Anterior cruciate ligament reconstruction & accelerated rehabilitation: hamstring tendons, remodelling and osteorarthritis

Rob Janssen

Research output: ThesisDoctoral ThesisExternal prepared


The knee owes its stability to the sophisticated combined action of tendons and ligaments. Problems in this mechanism are not uncommon, especially on the sports fields. A ‘plop’ sound while having one’s knee giving way is typical of an anterior cruciate ligament tear, a common knee injury. Women suffer cruciate ligament injuries up to eight times more often than men.
In the Netherlands, more than 8,000 cruciate ligament procedures are carried out each year. The prospects for recovery are good provided that the other parts of the knee have not been damaged. Hamstring tendons regenerate after having been removed during this procedure. It is ill-advised to resume unrestricted sporting activities four to six months after surgery. The findings of this dissertation have resulted in adjustments to rehabilitation protocols for (elite) athletes all over the world. Ten years after the operation, more than fifty per cent of all athletes are shown to have arthrosis. Due to the emergence of women’s football and an increase in the number of cruciate ligament injuries mostly in young people, the number of athletes with knee arthrosis is expected to increase in the future.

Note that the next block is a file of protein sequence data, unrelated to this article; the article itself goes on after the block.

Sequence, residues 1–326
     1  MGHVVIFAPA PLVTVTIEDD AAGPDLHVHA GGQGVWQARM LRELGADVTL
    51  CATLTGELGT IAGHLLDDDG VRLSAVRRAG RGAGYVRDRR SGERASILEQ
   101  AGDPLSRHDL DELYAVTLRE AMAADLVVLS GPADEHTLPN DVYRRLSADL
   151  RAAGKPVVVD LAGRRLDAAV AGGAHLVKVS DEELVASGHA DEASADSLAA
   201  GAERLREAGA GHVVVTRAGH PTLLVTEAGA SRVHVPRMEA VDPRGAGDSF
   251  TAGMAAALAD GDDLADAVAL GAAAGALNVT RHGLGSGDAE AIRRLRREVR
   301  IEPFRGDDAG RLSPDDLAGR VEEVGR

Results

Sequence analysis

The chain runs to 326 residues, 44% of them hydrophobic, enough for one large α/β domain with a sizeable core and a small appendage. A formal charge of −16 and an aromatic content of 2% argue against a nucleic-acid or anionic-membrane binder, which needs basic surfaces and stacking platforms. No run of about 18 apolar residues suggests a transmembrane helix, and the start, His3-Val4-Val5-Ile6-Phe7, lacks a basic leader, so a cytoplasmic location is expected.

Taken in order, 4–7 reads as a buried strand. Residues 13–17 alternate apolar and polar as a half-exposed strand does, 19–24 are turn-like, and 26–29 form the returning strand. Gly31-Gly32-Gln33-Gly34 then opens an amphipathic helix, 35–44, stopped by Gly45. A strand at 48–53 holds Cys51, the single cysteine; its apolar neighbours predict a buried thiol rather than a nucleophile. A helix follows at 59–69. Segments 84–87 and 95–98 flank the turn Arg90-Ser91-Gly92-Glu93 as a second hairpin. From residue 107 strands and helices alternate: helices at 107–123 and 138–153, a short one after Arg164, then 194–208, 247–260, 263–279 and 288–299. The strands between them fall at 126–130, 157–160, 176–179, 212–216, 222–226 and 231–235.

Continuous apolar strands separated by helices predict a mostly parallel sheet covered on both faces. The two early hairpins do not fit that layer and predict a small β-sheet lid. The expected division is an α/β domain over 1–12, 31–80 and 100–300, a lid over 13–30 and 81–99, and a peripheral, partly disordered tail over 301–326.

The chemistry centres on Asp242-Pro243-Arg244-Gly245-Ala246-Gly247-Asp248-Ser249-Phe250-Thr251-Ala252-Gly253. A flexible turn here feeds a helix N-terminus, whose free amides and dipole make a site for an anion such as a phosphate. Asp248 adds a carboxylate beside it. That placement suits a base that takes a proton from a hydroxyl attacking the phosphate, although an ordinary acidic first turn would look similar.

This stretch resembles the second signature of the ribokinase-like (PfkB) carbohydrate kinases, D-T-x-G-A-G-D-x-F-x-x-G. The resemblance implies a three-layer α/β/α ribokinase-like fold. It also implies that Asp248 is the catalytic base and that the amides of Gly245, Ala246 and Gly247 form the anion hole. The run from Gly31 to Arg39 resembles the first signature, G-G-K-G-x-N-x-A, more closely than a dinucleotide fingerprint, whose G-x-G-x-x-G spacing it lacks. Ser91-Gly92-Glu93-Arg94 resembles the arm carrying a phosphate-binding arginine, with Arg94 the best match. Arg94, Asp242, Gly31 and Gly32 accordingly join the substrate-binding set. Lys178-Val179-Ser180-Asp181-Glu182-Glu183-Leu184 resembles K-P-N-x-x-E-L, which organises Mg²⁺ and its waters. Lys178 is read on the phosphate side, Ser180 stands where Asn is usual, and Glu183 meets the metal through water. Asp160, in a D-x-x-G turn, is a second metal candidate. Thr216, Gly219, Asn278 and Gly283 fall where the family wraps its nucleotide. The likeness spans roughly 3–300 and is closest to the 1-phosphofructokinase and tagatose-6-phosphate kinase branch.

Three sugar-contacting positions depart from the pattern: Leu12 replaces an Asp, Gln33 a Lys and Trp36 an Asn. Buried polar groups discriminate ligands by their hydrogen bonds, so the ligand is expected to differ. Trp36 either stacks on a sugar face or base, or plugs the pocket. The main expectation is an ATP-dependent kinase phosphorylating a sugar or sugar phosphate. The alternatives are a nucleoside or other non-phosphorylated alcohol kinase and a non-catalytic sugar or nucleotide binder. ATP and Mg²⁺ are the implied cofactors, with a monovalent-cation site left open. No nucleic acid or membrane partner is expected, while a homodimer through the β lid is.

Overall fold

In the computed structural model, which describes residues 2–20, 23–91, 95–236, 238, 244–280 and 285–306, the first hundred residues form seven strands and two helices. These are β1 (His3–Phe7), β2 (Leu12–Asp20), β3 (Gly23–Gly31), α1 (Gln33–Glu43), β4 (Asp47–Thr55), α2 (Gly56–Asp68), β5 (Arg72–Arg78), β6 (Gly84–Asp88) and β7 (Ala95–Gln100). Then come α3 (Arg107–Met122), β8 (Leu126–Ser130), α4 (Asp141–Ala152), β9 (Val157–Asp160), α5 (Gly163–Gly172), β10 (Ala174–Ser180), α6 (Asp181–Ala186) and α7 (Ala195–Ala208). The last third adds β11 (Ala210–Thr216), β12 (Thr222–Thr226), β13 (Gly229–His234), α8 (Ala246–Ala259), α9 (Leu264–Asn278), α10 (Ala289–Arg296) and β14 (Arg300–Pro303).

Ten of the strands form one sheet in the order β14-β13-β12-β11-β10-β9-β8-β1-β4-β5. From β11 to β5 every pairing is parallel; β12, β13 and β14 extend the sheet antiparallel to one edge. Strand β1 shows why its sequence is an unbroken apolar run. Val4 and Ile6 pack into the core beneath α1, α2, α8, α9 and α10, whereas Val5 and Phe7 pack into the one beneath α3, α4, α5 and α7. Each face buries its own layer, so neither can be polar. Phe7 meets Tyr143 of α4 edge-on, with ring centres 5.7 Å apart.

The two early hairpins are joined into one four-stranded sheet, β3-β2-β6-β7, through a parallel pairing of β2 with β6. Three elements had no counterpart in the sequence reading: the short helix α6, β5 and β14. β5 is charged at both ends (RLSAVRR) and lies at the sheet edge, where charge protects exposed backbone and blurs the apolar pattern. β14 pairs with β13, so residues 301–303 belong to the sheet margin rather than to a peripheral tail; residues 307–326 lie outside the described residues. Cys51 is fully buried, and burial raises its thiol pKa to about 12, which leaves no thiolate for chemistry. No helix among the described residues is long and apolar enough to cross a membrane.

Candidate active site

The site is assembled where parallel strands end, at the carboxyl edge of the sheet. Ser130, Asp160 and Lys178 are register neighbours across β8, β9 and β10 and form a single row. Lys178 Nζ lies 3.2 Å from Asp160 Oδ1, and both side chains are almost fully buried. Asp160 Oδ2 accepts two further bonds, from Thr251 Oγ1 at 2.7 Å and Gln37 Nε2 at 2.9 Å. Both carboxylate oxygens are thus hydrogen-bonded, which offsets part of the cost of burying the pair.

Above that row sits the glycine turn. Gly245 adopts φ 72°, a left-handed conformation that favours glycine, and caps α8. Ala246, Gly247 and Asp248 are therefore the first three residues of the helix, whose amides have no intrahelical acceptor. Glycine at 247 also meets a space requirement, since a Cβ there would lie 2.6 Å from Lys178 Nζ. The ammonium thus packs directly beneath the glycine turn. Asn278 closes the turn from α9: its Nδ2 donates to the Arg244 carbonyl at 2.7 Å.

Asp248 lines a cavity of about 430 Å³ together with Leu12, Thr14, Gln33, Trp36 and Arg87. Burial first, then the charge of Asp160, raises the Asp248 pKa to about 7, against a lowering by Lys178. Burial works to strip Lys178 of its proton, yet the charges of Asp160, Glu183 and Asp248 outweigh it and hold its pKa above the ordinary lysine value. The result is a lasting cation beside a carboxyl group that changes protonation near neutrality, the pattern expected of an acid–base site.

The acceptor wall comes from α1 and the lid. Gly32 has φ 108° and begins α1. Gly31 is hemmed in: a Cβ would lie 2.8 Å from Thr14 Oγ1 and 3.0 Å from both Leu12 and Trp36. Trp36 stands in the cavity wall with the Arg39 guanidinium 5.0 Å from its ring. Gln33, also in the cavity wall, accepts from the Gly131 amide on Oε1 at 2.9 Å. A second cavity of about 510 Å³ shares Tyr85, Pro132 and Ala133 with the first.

Original languageEnglish
Awarding Institution
  • Maastricht University
  • van Rhijn, Lodewijk, Supervisor
  • van Mourik, J., Co-Supervisor, External person
Award date26 May 2016
Publication statusPublished - 2016


  • knee injury
  • cruciate ligament injury
  • rehabilitation protocol
  • (elite) sport

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